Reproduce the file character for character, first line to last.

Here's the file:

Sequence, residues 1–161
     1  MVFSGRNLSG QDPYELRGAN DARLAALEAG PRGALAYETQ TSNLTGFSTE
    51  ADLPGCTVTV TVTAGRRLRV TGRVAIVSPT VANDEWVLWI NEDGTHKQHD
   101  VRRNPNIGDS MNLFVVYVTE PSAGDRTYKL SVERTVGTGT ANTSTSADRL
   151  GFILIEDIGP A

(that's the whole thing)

Sequence, residues 1–161
     1  MVFSGRNLSG QDPYELRGAN DARLAALEAG PRGALAYETQ TSNLTGFSTE
    51  ADLPGCTVTV TVTAGRRLRV TGRVAIVSPT VANDEWVLWI NEDGTHKQHD
   101  VRRNPNIGDS MNLFVVYVTE PSAGDRTYKL SVERTVGTGT ANTSTSADRL
   151  GFILIEDIGP A